New Voices: Francesca Flores & June Hur Share Inspiration & Advice

By Stephani Martinell Eaton

Welcome to YA debut authors Francesca Flores and June Hur! Today they will share their journeys to publication. I found inspiration in how each came to her subject and crafted her protagonist.

Francesca Flores

Please describe your pre-publication craft apprenticeship. How did you take your writing from a beginner level to publishable?

I got a lot of practice with drafting, completing my first manuscript at 18 (that one came to me in a dream!), and then writing somewhere around 15 manuscripts between 2010-2017.

Sharing them in online writing communities, especially Wattpad, was really helpful since I made writing friends and got feedback. I often had a long commute to go downtown for work and would draft on Google Docs on my phone, getting a lot of words out that way.

Over those years, I learned how to get words onto the page and got used to my own style of writing. I hadn’t learned how to revise, but at the time, publishing was just a “maybe one day” option in the back of my mind, and all I wanted was to just get my ideas out.

In January 2017, I started drafting Diamond City (Wednesday Books, 2020) and it ended up being very emotional and drawn from different experiences in my life.

Around that time, my writer friends were getting more serious about publication, so I decided to try it, too. I finished drafting in March and began querying in June. I got three agent offers and signed with my agent, Peter Knapp.

Then the fun part started: edit letters! It was hard to shift gears like that since drafting was my strong suit, but I learned a lot over nearly a year of revising and rewriting with my agent’s guidance before going on submission.

We sold quite quickly to Eileen Rothschild at Wednesday Books. I’m really glad it took that long to revise before going on submission because it taught me how to revise and how to be patient with my book. I know there are a lot of writers like me who just want to get all their ideas out, and they might be made to feel inferior or like they’re doing something wrong just because they’re not spending ages revising every project before moving on. But I think it’s just a different path to the same thing and there’s no “right” way to follow a dream of publication.

What were the challenges (literary, research, psychological, logistical) in bringing the text to life?

One difficulty was how to get readers to empathize with an assassin. The most important part of that was creating a backdrop of a world where violence and brutality are expected, and everyone is cutthroat. The people of Aina’s world operate on a different moral compass than we do.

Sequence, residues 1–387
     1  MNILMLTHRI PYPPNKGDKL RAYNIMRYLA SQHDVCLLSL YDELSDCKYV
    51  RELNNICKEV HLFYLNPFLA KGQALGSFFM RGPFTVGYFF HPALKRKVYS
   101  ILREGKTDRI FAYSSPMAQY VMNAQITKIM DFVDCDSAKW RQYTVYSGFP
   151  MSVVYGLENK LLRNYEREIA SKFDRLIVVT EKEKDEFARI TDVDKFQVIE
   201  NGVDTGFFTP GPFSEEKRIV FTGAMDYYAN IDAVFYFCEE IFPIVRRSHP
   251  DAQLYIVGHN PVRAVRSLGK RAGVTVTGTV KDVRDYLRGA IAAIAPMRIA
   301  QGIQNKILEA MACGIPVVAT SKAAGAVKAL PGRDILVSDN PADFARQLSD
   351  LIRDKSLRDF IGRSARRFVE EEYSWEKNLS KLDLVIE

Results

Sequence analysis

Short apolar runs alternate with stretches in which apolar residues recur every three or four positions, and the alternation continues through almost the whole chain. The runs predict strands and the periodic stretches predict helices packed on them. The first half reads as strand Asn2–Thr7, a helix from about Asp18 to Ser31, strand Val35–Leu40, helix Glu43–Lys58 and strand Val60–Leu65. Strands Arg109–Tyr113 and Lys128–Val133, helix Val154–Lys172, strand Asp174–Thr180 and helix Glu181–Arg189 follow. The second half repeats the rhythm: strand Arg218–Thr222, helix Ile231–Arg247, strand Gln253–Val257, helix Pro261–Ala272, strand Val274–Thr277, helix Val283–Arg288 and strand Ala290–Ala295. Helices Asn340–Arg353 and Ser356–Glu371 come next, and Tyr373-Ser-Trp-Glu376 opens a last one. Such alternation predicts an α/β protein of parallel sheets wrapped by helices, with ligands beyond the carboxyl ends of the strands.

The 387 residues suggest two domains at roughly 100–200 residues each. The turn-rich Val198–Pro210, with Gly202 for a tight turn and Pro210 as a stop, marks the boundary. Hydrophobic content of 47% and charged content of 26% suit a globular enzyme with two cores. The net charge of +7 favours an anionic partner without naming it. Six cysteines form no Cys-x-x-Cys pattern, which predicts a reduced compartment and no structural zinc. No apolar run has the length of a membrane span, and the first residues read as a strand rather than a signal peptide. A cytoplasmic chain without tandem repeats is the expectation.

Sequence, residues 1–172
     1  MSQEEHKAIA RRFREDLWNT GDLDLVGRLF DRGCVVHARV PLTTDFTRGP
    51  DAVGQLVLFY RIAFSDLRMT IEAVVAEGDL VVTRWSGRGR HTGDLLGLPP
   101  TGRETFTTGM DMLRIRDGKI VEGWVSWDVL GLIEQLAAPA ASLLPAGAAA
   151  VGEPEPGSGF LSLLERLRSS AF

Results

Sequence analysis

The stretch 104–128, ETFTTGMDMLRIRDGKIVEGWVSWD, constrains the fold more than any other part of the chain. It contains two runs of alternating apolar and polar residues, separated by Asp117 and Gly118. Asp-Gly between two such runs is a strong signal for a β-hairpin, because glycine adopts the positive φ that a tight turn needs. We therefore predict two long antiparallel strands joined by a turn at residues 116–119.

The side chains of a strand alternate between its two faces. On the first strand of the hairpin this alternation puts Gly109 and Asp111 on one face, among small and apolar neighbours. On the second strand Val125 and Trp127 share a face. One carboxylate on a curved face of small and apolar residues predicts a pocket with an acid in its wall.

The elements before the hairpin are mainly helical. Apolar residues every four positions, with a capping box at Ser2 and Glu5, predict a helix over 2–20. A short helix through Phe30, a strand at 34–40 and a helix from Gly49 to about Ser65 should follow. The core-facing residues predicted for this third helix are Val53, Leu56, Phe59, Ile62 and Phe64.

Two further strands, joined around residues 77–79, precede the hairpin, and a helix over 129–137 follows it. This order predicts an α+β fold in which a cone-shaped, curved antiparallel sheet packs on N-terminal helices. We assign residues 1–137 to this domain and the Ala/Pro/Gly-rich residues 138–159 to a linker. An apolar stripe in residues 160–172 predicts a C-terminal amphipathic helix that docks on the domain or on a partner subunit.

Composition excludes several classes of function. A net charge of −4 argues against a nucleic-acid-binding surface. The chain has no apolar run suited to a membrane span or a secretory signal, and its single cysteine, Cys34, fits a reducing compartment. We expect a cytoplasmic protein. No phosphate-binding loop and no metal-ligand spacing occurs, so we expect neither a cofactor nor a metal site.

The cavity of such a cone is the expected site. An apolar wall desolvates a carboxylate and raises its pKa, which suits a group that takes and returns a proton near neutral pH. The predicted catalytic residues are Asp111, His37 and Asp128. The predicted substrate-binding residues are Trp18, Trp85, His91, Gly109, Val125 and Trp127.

Once readers learn what that moral compass is, then it’s easier to look at Aina and see someone to root for, especially with her experiences growing up with poverty and homelessness in an unforgiving world where you have to make tough decisions to survive.

Artwork of Aina Solís protagonist of Diamond City by Asayris

I think another important aspect of it was to not shy away from her flaws. Aina has a lot of flaws, and I hope that makes her seem more human to readers, even with her twisted sense of morals. It would be very hard to feel empathy for a brutal assassin who is also a Mary Sue.

Another difficulty was writing the main relationship in the book, which was abusive and manipulative in many ways. It pretty much became the most important aspect of the book for me to get right, and something I examined and questioned every time I revised, even up through copy edits.

I wanted to illustrate how someone could get into a relationship like this, what makes them stay, how easy it is to convince yourself it’s what you deserve, and most importantly—the moments when you start to realize you deserve better.

As a member of a community underrepresented in youth literature, what did your perspective bring to your story?

As someone who is biracial, my social circles have naturally always been racially diverse. The cast of Diamond City is almost entirely POC and all of the characters are different ethnicities. It wasn’t something I had to “try” to do because that’s how my friend groups are, which I think is a common experience for people who grow up in multiracial environments.

Also, being half-Latina and having studied a lot of Latin American history, I was able to incorporate some lessons and events from history into my book in very subtle ways. I’m also bisexual, and it was important to me to write a bisexual character who just lives her life in the book without trying to validate herself to anyone or “prove” her queerness somehow.

What advice do you have for beginning children’s-YA writers?

One great piece of advice I saw while revising book one was to pick one or two aspects of your book that won’t change, whether it’s a relationship, a theme, whatever. You can tweak them as needed, but they’re not getting cut. Everything else is fair game to change.

That helped me a lot while revising, and my own advice (drawn from that), is to not ignore advice/constructive critiques just because it means you would have to do a lot of work.

I’ve seen many writers ignore advice from critiques, stating they want to “keep the integrity of their work,” when really it’s just that they’re feeling overwhelmed by how much work the suggested edits would require and so they decide to not do them at all.

There are some occasions where you get advice that isn’t good for your book, but if it’s a critique from someone you trust, who knows what they’re talking about, and just wants to help you make your book the best it can be, then those are great.

And they’re suggestions, not commands—they’re prompts that steer you into a stronger way of writing the story. You can always go back to the previous version if you want, but you won’t know for sure which way is better until you try out the suggestions.

I rewrote Diamond City about five or six times in the year that I edited with my agent before going on submission, and each time the book got stronger; I have 200,000 deleted words from all those drafts. Cutting a favorite scene doesn’t mean you’re deleting a part of your heart. It means you’re making room for the real heart of your story to shine, which is why you have those one-to-two aspects of your book that you won’t cut or drastically change, to help ground you every time you receive notes and help you see what’s actually important.